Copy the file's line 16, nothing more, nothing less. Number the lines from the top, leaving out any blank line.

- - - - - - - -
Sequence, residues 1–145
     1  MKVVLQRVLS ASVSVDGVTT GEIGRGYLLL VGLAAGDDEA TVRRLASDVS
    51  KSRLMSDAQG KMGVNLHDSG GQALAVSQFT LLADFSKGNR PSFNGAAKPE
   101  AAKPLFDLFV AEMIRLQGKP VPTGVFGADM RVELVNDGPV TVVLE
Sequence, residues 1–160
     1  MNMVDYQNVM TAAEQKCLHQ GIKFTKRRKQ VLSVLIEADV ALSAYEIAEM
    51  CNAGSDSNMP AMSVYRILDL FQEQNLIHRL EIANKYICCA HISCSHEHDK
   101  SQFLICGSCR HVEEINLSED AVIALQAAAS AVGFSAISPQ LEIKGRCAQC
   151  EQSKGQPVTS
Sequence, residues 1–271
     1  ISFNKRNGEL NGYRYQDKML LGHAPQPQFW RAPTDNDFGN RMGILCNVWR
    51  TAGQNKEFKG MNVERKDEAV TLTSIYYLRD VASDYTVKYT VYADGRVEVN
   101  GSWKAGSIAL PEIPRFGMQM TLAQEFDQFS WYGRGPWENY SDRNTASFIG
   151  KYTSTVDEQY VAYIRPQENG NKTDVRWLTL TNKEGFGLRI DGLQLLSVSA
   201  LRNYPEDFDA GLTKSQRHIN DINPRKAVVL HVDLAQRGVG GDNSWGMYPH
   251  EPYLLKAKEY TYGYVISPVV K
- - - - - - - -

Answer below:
   251  EPYLLKAKEY TYGYVISPVV K